About Me

Hiring and Communicating with a Home Cleaning Service

Thanks for stopping by my website. My name is Annabelle Collins. My husband and I live in a large house with our two teenage children. We’re fortunate in that we’re able to have a cleaning service come and clean on a weekly basis. In the past, I found that it was difficult for me to exert myself when it came to hiring and communicating with our cleaning service. I’ve never been very authoritative, and that shone through in a not good way. I wanted things to be done in a certain way, but found it difficult to ask for what I wanted. I have come to realize that in order for the service to do the job I want to be done, I have to ask for it to happen. I doubt that I’m alone in the fact that this is difficult, and want to share my experience and growth.


Hiring and Communicating with a Home Cleaning Service

Understanding Hantavirus And How To Clean To Avoid The Disease

by Vicki Burns

Many people are squeamish about rodent infestations. Not only will mice destroy any paper or plastic products they can find by chewing on them, but they will search endlessly for food in the home. Mice will leave behind urine and fecal matter as well. In fact, you are likely to find hundreds of mouse droppings each and every day, since every mouse in your home will release between 50 and 75 quarter inch droppings each day. While the thought of piles of fecal matter likely grosses you out, you should know that the feces can actually make you quite ill. To better understand this and why timely extermination is necessary, keep reading to learn about hantavirus and how you need to clean to avoid the disease.

What Is Hantavirus?

Hantavirus is a serious illness that can be transferred from mice to humans through direct contact or through contact with feces and urine. You may also contract the virus by disturbing a nest or droppings that contain the virus. The virus can then become airborne and you will breathe it in. Deer mice are usually responsible for transmitting the disease, and so are rats that live in the southern part of the United States. Once you are exposed to the virus, you will start to feel symptoms within one and five weeks. You might feel tired at first and experience some muscle pain and weakness. Flu-like symptoms that include vomiting, diarrhea, coughing, and shortness of breath will soon follow. Late symptoms will usually show up around 10 days after initial symptoms appear, and you will probably start to feel better around four or five days after this.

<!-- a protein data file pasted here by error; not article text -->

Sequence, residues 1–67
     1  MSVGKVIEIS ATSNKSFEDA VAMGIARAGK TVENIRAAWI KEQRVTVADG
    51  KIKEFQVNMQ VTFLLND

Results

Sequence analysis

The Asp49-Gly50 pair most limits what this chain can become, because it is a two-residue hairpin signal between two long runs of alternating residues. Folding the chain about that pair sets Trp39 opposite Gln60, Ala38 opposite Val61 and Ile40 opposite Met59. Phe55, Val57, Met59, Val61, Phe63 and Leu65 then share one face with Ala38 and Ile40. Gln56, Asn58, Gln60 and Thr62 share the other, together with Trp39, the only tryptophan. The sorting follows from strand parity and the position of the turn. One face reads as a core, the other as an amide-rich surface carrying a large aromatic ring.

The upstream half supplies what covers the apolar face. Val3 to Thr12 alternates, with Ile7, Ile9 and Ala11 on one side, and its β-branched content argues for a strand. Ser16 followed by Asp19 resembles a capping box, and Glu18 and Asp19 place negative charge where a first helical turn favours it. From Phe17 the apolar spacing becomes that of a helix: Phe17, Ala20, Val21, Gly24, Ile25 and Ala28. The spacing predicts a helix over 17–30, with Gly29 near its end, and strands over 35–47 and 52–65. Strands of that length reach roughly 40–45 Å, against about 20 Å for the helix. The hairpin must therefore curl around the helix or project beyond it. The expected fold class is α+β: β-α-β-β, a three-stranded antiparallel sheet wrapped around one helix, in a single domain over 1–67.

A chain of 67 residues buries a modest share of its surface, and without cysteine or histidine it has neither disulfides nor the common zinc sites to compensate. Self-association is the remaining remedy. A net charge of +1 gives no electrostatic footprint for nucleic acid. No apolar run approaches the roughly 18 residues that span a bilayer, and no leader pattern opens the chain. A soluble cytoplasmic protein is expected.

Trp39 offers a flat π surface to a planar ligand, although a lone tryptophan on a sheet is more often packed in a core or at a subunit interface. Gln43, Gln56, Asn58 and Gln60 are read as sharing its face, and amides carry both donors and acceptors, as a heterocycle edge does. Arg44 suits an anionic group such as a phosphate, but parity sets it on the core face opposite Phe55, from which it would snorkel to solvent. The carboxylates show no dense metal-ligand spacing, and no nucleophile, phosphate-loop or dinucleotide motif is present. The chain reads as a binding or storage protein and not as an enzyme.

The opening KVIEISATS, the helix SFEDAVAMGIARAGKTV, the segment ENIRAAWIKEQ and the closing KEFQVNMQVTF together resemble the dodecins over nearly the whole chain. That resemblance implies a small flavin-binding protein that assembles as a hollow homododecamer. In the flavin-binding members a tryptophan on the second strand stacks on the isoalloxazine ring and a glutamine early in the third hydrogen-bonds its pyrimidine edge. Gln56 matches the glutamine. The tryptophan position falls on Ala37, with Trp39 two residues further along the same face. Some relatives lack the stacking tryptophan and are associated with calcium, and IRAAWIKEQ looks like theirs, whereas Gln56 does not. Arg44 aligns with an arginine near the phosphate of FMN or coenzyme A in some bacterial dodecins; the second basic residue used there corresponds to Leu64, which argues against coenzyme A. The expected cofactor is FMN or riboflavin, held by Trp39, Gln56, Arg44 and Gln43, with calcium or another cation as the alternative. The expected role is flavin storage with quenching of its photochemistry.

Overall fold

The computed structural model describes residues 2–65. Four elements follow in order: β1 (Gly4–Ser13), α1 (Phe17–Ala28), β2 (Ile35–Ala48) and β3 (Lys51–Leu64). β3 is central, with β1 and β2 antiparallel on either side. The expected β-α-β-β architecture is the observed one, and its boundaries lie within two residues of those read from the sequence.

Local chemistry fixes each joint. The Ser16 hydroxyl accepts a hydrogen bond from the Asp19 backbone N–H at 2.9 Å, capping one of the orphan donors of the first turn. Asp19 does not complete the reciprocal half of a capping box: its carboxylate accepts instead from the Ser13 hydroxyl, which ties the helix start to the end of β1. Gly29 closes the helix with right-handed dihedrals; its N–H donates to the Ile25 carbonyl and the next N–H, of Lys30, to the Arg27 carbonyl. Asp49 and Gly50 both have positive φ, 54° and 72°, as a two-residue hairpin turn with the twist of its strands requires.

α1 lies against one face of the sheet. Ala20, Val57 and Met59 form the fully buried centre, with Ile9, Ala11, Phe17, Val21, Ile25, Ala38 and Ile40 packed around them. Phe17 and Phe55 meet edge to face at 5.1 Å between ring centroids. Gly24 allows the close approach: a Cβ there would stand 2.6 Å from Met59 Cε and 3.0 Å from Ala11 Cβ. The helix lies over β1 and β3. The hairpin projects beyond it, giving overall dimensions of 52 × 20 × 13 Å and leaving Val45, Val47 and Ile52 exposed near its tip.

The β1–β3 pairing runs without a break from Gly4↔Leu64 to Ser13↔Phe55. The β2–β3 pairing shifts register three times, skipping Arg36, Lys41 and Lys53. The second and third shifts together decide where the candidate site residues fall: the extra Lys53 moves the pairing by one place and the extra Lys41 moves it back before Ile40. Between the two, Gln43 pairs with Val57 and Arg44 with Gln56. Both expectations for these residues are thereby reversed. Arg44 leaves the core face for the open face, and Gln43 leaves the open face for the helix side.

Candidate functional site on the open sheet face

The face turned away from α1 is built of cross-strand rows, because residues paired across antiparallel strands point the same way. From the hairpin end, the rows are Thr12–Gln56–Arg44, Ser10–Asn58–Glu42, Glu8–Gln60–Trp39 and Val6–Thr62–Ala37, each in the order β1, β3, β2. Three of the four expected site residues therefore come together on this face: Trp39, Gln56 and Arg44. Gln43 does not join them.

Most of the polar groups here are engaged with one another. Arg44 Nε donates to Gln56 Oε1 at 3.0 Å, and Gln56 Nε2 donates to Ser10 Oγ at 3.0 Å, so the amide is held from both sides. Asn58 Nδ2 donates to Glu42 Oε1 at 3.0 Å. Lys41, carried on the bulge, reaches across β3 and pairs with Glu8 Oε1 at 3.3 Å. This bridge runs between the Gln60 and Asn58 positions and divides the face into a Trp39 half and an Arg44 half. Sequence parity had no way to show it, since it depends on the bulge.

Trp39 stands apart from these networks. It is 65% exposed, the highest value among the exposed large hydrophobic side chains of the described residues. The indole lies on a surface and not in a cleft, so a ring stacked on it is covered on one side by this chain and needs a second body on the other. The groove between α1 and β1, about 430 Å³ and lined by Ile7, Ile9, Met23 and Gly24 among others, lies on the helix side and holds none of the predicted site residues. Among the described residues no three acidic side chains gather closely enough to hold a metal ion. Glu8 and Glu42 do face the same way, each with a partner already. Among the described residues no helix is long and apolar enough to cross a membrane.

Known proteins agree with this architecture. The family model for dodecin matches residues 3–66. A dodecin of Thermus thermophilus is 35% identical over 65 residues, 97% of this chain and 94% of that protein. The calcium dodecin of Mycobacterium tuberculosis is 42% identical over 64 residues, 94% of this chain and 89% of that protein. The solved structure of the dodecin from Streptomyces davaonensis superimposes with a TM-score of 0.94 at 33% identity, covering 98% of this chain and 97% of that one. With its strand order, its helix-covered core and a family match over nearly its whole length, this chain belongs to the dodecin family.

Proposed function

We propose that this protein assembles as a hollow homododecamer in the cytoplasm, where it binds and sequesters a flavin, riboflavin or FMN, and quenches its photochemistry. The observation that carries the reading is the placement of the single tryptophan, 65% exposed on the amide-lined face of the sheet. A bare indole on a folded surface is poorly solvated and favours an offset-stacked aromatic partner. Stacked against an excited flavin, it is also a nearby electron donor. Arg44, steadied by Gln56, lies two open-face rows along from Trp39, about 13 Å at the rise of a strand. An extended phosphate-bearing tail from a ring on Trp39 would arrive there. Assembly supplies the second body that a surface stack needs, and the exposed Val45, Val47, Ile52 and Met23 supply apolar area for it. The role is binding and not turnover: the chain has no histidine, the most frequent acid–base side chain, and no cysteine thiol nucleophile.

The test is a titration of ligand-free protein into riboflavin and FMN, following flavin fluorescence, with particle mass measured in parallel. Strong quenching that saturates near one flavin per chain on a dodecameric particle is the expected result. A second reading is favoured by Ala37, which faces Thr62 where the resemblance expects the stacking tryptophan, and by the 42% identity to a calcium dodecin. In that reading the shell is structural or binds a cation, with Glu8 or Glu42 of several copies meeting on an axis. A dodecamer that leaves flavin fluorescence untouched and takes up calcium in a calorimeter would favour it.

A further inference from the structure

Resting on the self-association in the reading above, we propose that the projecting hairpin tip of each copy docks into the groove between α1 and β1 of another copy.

Are There Complications?

Unfortunately, many people do not simply feel better a few weeks after contracting hantavirus. In fact, about 38 percent of the population will die from the disease or from disease complications. Generally, older individuals and people with compromised immune systems will pass away from the initial infection. Also, people with severe diarrhea may become dehydrated and succumb to the disease. Since symptoms will be similar to ones that occur with a case of influenza, it makes sense that some people will not seek professional help when they need it. 

Also, the hantavirus infection can lead to a serious lung infection called hantavirus pulmonary syndrome. This infection can be fatal due to the formation of fluid in the lungs and the decrease in the amount of oxygen the infected individual is able to bring into the body. Thankfully, hantavirus cannot be transmitted from person to person. However, there are no real treatments for the disease besides treating the various symptoms.

How Can You Avoid the Disease?

The best way to avoid hantavirus is to stay away from mice and their feces. This means contacting an exterminator as soon as possible if you see mice or their feces in your house. If you do see feces and need to clean it up, then you need to protect yourself thoroughly. Make sure to wear rubber gloves, a dust mask, and goggles that fully cover the eyes. Use a water bottle to spray the fecal matter and any nest materials when you see them. This way, infected dust particles will not fly into the air. Use paper towels or disposable rags to clean up the mess and place the towels and the debris in a garbage bag that is sealed when you are done cleaning. 

After you have cleaned the fecal matter, make sure to disinfect the area too. Add about one-quarter cup of bleach to a water bottle and fill the rest of it with water. Spray the mixture on the soiled area and allow it to sit for five minutes. Use a paper towel to clear away the bleach solution and throw away the towel when you are done. Throw away your gloves, dust mask, and goggles, or disinfect these materials in a bleach solution.

Go to sites for exterminators in your area to learn about other ways you can identify if you have a mouse infestation.